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Monday, September 16, 2019

Seven-storey office block near Nottingham’s station expected to be approved

Concerns have been raised by both English Heritage and the Nottingham Civic Society about the height and scale of the building.

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A high-end office block is set to be built on a derelict strip of land near Nottingham Train Station providing new office space for around 1,150 workers.

The multi-million pound scheme, known as Crocus Place, is expected to be given the green light by Nottingham City Council planning bosses on June 19.

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An occupant has been provisionally secured for the whole building, but is yet to be announced, the council said. It is not yet clear whether it is a company or organisation already based in the city.

The building, which is 125,000sq ft, is set to be built on land which was formerly an operations base for the tram extension.

The plans submitted to the Labour-run authority include a cafe and meeting spaces on the ground floor.

It will also have 30 standard car parking bays, two disabled parking bays, four electric vehicle parking bays, 115 cycle parking spaces and four spaces for motorcycles.

A council report on the application, which has been recommended for approval, said: “Local employment and training opportunities will arise from this development and discussions are underway with the applicant to secure the delivery of these opportunities through working with the council’s employer hub.”

However, concerns have been raised by both English Heritage and the Nottingham Civic Society about the height and scale of the building.

English Heritage said: “We support in principle the development of this vacant site which will contribute to the strategic development of this area of Nottingham which your local authority is pursuing.

“However, we consider that the scheme as currently proposed would have a significant, adverse impact on the significance of the Grade II* listed (railway) station by markedly reducing its prominence in views south along Carrington Street.

“The information currently provided is insufficient to properly understand the full impact and we recommend that a verified photomontage at an appropriate size is provided from a representative point on Carrington Street.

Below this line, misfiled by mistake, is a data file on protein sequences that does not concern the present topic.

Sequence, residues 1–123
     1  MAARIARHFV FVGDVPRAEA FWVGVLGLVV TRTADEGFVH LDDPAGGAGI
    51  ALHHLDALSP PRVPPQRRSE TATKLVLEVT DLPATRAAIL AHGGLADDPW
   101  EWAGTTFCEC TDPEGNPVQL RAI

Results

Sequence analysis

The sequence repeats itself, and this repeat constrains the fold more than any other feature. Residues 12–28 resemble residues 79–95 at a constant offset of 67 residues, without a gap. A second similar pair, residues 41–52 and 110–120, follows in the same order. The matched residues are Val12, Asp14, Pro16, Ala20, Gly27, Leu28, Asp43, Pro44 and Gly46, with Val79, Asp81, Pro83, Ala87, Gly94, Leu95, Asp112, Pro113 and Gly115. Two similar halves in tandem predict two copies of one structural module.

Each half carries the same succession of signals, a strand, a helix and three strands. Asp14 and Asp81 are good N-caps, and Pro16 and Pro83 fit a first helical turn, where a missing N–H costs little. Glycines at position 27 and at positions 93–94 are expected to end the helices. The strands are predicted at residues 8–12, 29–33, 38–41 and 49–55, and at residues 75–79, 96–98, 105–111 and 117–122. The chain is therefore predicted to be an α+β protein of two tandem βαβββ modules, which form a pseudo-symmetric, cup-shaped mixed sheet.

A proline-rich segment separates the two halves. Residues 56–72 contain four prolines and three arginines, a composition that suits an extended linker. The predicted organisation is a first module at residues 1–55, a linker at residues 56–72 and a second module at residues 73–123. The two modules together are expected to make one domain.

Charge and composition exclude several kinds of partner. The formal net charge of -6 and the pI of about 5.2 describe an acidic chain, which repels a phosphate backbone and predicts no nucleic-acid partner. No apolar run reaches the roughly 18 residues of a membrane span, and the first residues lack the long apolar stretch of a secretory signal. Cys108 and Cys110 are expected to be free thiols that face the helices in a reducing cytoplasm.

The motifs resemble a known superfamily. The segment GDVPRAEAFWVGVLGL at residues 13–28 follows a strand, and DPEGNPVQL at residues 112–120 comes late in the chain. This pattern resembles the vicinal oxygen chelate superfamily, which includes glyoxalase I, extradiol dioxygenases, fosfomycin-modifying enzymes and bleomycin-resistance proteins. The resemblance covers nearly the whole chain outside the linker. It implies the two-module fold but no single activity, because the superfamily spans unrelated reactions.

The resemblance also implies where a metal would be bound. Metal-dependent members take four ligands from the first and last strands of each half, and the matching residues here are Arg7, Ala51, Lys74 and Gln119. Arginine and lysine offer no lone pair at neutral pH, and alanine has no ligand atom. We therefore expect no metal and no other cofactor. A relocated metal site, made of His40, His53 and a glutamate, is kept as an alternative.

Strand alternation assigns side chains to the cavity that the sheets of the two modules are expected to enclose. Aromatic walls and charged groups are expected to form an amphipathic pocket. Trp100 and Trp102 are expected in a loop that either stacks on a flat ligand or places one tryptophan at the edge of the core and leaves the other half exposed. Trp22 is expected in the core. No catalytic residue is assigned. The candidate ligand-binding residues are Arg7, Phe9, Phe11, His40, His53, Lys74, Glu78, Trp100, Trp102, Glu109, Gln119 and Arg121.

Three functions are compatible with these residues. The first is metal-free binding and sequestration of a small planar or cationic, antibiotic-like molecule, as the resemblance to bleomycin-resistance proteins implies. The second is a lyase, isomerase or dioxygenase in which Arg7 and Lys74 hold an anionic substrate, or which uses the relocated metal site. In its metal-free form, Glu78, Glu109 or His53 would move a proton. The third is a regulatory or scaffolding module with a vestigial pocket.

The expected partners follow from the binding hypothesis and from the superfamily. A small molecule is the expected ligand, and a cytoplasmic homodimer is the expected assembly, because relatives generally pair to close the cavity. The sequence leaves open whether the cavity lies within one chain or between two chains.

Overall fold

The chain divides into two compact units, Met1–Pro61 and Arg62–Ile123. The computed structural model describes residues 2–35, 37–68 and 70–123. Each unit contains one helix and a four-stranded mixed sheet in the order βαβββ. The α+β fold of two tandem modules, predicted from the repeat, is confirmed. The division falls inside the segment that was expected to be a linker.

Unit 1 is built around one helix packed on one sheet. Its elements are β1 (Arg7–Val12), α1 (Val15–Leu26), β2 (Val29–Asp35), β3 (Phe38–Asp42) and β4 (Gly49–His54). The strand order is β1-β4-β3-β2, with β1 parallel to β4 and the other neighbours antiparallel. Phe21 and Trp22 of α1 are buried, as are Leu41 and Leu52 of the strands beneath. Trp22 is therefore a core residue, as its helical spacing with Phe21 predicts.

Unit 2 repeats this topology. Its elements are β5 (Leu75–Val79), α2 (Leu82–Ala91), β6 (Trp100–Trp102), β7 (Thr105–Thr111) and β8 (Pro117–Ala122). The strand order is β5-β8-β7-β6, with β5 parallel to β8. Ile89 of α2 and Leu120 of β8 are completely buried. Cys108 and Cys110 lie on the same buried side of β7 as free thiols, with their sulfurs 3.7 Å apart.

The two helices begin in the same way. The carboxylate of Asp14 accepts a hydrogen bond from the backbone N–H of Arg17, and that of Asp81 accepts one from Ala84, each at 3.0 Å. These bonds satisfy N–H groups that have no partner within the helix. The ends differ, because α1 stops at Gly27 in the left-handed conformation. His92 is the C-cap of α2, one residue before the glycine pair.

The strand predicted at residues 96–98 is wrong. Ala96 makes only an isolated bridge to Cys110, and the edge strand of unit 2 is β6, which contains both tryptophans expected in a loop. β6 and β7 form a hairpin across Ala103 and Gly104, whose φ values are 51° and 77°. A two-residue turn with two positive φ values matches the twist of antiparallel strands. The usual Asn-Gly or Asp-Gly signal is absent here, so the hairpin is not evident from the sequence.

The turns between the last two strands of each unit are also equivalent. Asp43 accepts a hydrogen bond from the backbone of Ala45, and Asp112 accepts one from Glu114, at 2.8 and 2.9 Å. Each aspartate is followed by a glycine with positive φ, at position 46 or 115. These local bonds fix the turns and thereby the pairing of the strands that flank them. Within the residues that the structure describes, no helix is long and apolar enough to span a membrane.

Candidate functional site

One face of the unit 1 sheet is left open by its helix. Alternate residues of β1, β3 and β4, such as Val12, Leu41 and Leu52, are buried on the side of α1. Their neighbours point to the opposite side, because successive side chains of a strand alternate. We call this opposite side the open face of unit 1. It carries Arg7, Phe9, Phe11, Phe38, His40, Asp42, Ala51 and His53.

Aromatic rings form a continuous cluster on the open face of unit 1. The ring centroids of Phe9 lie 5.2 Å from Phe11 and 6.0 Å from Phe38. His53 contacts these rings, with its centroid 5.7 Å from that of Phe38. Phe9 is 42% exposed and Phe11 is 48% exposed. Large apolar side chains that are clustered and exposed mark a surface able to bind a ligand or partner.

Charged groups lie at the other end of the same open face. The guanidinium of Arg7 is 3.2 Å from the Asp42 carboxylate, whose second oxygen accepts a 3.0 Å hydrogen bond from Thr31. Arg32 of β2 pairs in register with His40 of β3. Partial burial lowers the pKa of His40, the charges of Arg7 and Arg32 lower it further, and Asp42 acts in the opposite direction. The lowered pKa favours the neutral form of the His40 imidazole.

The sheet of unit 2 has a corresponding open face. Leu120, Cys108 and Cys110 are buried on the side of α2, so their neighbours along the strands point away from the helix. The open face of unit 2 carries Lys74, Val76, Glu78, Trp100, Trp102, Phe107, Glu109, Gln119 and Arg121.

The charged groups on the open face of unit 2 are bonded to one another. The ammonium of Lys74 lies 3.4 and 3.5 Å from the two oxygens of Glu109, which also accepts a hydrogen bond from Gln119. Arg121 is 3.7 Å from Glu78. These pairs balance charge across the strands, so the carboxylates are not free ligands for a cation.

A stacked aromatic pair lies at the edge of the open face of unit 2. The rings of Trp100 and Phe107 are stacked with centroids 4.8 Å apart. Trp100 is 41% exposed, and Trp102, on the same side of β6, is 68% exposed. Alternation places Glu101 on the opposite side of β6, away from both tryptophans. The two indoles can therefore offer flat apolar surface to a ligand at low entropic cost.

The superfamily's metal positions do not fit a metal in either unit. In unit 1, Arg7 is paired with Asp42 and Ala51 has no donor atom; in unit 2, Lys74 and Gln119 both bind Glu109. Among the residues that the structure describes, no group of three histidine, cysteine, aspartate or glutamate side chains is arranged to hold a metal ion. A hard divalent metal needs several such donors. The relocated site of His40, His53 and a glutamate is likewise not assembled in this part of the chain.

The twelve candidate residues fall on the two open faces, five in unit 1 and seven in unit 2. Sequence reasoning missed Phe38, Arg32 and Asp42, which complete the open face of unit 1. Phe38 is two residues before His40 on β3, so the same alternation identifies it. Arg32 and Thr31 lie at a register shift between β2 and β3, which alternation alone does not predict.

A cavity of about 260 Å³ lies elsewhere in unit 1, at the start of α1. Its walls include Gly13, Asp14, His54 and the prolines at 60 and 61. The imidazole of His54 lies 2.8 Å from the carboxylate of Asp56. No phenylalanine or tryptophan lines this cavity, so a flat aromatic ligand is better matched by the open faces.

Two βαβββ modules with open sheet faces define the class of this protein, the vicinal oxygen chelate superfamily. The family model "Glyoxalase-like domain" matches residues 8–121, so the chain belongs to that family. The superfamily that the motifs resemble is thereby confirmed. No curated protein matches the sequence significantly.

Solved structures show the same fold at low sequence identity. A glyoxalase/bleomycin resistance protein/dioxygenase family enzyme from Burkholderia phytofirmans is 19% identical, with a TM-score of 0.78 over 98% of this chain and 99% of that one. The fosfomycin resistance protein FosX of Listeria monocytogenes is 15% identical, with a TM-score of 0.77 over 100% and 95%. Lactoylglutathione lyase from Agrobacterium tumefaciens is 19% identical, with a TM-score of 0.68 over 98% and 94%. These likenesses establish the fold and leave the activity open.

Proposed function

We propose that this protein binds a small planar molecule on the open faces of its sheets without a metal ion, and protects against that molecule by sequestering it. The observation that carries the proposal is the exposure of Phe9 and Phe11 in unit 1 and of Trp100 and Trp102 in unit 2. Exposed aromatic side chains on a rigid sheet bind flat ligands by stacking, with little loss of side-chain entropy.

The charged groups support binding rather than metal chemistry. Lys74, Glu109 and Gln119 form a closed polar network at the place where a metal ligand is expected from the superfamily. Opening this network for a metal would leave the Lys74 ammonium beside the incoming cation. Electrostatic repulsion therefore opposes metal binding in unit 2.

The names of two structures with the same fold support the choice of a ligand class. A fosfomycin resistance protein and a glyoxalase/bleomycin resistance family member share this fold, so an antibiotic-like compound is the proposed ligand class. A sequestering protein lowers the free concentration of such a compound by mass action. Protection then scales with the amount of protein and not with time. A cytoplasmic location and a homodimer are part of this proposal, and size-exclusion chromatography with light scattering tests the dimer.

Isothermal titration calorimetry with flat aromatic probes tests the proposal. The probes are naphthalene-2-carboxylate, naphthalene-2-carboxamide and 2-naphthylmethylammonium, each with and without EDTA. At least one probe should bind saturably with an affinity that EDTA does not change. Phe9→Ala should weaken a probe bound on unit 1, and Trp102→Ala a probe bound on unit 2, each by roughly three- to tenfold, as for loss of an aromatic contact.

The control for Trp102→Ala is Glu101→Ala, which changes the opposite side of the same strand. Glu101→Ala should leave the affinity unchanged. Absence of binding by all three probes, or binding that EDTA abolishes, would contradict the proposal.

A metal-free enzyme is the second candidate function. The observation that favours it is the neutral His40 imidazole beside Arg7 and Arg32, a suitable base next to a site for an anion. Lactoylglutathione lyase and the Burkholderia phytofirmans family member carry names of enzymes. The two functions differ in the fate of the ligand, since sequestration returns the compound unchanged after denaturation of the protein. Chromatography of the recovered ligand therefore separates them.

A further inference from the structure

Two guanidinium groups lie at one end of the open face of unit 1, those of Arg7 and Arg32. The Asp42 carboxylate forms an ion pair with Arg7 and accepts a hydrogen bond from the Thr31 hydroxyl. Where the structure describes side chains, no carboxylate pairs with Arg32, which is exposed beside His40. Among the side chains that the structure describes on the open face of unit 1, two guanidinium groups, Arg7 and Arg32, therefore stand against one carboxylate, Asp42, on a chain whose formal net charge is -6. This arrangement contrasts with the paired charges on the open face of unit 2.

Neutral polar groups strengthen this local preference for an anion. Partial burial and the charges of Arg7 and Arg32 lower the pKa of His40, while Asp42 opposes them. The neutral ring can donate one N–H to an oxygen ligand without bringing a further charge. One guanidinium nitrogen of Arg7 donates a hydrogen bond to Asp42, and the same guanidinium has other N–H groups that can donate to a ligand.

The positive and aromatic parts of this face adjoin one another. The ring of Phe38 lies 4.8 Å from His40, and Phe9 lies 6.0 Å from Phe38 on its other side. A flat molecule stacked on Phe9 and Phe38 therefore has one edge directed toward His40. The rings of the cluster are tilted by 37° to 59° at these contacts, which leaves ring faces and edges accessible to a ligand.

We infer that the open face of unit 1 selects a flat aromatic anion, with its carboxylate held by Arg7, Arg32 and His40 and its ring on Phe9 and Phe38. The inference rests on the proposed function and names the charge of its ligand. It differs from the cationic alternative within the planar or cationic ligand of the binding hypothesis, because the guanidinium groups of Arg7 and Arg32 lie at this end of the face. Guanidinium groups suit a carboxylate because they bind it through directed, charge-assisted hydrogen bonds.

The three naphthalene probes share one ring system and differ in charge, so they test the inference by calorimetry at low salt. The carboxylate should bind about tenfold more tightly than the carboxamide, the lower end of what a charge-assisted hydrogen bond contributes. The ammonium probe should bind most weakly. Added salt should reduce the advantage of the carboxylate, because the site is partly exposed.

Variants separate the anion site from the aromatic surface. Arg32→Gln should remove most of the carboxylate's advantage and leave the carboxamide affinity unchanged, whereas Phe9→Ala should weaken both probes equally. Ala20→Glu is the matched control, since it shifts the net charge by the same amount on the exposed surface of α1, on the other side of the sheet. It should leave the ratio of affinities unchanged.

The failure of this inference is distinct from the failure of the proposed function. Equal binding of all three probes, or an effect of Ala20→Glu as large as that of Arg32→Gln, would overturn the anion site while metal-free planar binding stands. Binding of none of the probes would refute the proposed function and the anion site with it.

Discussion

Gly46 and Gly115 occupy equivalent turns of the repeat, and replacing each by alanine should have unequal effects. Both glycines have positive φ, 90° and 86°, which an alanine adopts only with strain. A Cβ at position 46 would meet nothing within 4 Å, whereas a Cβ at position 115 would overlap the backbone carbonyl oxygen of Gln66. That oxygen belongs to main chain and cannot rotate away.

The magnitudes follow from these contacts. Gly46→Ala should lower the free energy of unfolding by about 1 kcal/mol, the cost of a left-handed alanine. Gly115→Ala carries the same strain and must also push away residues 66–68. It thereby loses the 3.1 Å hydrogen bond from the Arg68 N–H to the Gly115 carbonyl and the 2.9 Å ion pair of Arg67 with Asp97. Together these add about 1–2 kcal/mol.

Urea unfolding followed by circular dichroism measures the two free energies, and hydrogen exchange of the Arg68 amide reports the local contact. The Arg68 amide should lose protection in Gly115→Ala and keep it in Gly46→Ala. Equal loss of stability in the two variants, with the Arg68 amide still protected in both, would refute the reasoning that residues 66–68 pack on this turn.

“We consider that the building diminishes the townscape presence of the historic corner buildings on the junction of Queen Street and Arkwright Street due to the full height of the building extending close to the corner buildings.

“This would harm the significance, character and appearance of the conservation area.

“We advise that the building should be stepped down in height at its northern end to better integrate with the historic townscape at this important junction. This may also reduce the impact in views of the station looking south along Carrington Street.”

Nottingham Express Transit (NET), which runs the trams, has also raised concerns about the application, specifically that more work needs to be done to prevent pedestrians using the nearby tram bridge.

NET said: “The operations manager from Nottingham Trams has concerns around this development and others around the Nottingham Station Viaduct.

“No additional provisions are being made for pedestrian access to the tram stop at Nottingham Station. We experience a lot of pedestrians using the viaduct for access when it is not suitable or designed for such use.

“A number of new schemes are envisaged for this area and the north of the station but no considerations are being made for the safe routing of pedestrians.

“It is recommend that the applicant work with the NET/Tram operators to ensure that safety measures are in place to prohibit improper use of the viaduct and that measures to promote acceptable pedestrian routes to the tram stops are promoted.”

The proposed building is one of a slew of developments happening nearby, including the 7,000 jobs at the Unity Square block office the train station which is currently being built, and dozens of other new development in the pipeline.

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